know the identities of the children who have reported abuse, as well as their specific allegations.
10 Defendants do not concede that Danielle is the initial informant. As discussed below, the Court has determined
that Defendants need not reveal the identity of the initial informant because, in addition to being of questionable
relevance in light of Defendants’ subsequent investigation, the person is otherwise known to Plaintiffs as having
personal knowledge of the subject matter of this case.
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fair determination of Plaintiffs’ claims, fairness considerations do not warrant overriding the
federal privilege in this case.
Pearson Does Not Control Under the Circumstances Here
The Court has carefully considered the principles stated in Pearson, as it is the leading
Third Circuit case on the relationship between state confidentiality provisions and federal
discovery requirements. Pearson’s facts, however, are significantly different than the
circumstances here, and thus its holding does not control this case.
In Pearson, the court did not address the confidentiality of an informant’s identity; it
addressed, instead, the confidentiality of records detailing what a child services agency knew
about a foster child who sexually assaulted the plaintiff’s daughter. This is a critical distinction
because federal law has long recognized a privilege for confidential informants. See, e.g.,
Rovario, 353 U.S. at 59-61; Dole v. Local 1942, Int’l Bhd. of Elec. Workers, AFL-CIO, 870 F.2d
368, 372 (7th Cir. 1989); Mitchell, 265 F.2d at 635-36; Chao v. Raceway Petroleum, Inc., No.
06-3363, 2008 WL 2064354, at *3 (D.N.J. May 14, 2008). Unlike in Pearson, therefore, this
Court does not need to determine whether to recognize a new federal privilege. The Court need
only determine whether persons deemed confidential informants under the CPSL qualify as
confidential informants for purpose of the federal informer’s privilege.
Informants Under CPSL Are Informants for Purposes of the Federal Privilege
The policy interests underlying the federal informer’s privilege are indistinguishable from
the policy interests underlying the CPSL’s confidentiality protections for people who report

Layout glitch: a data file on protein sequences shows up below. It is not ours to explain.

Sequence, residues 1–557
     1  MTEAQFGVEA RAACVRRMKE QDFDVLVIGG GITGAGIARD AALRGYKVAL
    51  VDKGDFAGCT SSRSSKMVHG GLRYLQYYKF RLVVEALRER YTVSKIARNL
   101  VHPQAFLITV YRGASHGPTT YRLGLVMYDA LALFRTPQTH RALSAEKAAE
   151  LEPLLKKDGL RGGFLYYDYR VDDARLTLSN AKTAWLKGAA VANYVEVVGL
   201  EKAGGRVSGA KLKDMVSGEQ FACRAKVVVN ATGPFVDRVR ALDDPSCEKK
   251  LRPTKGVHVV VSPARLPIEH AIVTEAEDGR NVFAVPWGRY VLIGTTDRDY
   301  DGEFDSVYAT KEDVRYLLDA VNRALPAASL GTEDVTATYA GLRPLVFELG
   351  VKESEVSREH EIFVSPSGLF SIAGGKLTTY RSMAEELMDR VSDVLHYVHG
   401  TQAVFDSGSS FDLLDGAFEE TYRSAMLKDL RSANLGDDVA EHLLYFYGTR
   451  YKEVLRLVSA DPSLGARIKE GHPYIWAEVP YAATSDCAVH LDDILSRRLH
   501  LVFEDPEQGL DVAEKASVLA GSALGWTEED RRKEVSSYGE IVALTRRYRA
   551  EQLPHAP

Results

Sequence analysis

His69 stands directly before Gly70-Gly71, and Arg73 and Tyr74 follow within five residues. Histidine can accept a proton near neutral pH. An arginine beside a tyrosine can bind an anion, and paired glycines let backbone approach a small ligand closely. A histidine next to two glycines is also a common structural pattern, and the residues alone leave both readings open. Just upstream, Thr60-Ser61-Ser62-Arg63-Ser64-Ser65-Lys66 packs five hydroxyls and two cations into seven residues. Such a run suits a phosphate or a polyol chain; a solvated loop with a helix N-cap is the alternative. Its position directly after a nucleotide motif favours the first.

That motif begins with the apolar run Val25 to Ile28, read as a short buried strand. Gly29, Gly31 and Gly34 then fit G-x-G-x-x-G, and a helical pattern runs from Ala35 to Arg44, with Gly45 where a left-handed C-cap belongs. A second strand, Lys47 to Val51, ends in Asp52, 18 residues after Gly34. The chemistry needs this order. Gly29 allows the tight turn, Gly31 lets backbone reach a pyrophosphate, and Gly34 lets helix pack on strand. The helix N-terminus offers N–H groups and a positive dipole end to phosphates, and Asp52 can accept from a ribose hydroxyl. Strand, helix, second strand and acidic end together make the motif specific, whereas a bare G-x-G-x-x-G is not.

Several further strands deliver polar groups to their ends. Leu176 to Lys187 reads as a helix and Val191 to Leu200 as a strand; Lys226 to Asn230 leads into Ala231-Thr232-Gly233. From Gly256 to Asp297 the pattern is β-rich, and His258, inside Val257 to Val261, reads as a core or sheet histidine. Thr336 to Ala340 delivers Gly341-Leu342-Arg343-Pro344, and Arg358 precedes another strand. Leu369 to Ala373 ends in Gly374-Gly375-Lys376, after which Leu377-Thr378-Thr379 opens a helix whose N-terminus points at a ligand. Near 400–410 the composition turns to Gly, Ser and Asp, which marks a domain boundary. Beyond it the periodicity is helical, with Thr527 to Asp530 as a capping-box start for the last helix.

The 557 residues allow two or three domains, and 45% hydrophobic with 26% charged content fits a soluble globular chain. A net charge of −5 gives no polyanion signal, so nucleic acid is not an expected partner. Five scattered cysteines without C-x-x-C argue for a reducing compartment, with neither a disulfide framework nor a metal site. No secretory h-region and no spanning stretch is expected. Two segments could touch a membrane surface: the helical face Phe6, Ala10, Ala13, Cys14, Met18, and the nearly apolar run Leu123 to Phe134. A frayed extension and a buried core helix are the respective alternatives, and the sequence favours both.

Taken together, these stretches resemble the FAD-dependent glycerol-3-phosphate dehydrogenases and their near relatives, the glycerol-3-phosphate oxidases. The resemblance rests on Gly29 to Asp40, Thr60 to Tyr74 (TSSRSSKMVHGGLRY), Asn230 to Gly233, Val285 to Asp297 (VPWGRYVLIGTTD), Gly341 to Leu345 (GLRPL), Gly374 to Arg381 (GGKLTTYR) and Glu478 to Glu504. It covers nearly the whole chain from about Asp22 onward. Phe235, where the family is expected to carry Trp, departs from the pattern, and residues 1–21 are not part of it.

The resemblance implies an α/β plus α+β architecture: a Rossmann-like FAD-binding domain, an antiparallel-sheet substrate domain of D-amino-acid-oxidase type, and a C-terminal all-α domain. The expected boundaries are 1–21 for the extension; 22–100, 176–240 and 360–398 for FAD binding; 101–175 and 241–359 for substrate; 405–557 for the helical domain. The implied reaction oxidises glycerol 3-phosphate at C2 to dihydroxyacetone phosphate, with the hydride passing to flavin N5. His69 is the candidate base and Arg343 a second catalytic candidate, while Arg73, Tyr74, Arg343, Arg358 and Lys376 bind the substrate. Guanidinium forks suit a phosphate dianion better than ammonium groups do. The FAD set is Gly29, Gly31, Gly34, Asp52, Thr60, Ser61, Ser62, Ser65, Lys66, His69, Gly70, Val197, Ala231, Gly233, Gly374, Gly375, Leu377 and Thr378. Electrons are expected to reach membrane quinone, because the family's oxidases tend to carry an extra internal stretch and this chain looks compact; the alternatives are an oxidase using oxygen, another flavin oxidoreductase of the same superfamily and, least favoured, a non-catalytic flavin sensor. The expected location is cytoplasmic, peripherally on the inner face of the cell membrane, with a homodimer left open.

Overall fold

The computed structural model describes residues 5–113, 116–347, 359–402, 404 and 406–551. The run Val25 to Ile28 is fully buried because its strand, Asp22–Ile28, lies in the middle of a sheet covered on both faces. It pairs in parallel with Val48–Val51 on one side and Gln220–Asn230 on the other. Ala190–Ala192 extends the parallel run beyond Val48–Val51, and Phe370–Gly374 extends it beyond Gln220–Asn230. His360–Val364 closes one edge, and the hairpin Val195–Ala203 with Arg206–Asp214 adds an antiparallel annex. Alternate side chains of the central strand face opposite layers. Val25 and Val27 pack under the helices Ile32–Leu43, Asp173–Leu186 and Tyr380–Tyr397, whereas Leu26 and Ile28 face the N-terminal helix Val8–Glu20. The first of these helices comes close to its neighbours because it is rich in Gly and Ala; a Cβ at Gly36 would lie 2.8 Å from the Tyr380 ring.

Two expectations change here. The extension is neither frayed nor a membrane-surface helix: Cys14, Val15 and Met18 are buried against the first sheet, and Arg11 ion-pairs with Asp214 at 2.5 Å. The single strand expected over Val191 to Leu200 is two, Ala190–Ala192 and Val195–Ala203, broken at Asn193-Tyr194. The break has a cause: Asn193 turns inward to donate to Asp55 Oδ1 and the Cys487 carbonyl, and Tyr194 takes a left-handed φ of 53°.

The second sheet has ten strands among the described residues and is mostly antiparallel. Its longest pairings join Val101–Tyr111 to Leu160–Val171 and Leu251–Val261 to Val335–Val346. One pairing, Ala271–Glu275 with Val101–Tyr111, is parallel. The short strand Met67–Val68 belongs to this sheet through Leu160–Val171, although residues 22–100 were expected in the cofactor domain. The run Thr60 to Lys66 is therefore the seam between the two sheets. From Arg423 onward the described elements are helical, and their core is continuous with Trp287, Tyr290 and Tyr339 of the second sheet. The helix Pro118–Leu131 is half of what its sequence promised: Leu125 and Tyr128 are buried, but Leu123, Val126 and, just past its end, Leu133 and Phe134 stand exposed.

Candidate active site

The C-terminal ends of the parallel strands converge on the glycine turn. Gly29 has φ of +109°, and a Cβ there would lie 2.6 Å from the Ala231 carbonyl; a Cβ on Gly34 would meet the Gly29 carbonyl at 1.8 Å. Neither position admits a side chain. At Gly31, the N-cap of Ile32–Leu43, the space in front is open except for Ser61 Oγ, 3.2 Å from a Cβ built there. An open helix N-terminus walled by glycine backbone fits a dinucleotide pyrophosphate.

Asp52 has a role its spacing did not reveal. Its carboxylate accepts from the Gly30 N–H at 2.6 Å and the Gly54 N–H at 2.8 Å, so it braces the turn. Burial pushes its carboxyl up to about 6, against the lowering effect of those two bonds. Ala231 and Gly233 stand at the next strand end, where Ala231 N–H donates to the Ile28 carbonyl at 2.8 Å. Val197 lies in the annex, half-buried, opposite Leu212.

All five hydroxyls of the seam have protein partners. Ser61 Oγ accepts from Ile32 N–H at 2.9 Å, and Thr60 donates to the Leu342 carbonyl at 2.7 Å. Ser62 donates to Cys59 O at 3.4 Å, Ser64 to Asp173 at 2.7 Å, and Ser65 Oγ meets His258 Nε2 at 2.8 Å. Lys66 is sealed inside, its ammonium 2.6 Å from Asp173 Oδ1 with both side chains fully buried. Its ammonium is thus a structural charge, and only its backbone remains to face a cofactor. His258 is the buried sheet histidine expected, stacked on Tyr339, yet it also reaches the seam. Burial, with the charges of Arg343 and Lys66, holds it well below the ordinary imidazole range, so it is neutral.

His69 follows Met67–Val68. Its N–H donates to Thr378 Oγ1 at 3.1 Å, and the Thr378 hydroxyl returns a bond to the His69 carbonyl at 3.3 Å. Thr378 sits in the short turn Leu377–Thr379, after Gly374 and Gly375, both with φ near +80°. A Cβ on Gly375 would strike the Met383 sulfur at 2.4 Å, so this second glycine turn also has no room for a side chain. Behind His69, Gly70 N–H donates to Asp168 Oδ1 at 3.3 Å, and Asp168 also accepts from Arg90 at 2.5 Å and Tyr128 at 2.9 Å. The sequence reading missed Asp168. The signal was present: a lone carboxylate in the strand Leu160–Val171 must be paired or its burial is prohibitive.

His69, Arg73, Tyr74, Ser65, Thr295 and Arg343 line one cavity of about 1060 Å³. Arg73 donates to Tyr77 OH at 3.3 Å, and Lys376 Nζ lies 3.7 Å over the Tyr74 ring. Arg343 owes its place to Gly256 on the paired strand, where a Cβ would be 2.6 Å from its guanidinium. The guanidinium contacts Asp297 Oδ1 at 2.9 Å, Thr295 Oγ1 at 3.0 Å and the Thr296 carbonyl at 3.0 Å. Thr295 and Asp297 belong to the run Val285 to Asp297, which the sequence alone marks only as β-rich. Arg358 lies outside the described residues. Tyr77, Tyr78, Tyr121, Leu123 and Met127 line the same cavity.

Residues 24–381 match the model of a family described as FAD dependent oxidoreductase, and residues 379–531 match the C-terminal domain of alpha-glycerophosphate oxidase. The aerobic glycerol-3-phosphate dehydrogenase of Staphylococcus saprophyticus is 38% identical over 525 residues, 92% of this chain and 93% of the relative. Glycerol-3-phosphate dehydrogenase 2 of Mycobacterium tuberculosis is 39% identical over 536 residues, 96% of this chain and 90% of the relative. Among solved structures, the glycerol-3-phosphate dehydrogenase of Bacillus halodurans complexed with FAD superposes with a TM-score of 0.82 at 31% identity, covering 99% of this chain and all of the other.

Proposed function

abuse. The purpose of the federal informer’s privilege is to “protect ‘the public interest in
effective law enforcement,’ . . . [b]y ensuring the anonymity of those reporting violations of the
law” which “‘encourages [citizens] to perform that obligation.’” Chao, 2008 WL 2064354, at *3
(quoting Rovario, 353 U.S. at 59). The CPSL’s confidentiality protections for persons who
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report child abuse aim to effectuate the same goal. In Pearson, the court noted that in order for a
child welfare agency to effectively detect and prevent child abuse it is “essential that people be
encouraged to make such reports and confidentiality is a valuable tool to that end.”11 211 F.3d at
70. Accordingly, “the importance of protecting those who file child abuse reports is clear” and
constitutes an interest “of very substantial weight.” Id.
Plaintiffs’ argument that only “law enforcement officials” can invoke the informer’s
privilege is unavailing. While Plaintiffs correctly observe that “[t]he purpose of the privilege is
the furtherance and protection of the public interest in effective law enforcement,” Mitchell, 265
F.2d at 635, they fail to explain why a government agency charged with enforcing child welfare
laws does not constitute a law enforcement agency. It is well established that the confidential
informant privilege is not limited to criminal law enforcement matters. See Holman, 873 F.2d at
946 (“Although originally applied in the context of criminal proceedings, the ‘informer’s
privilege’ is also applicable in civil cases.”); Dole, 870 F.2d at 372 (stating that confidential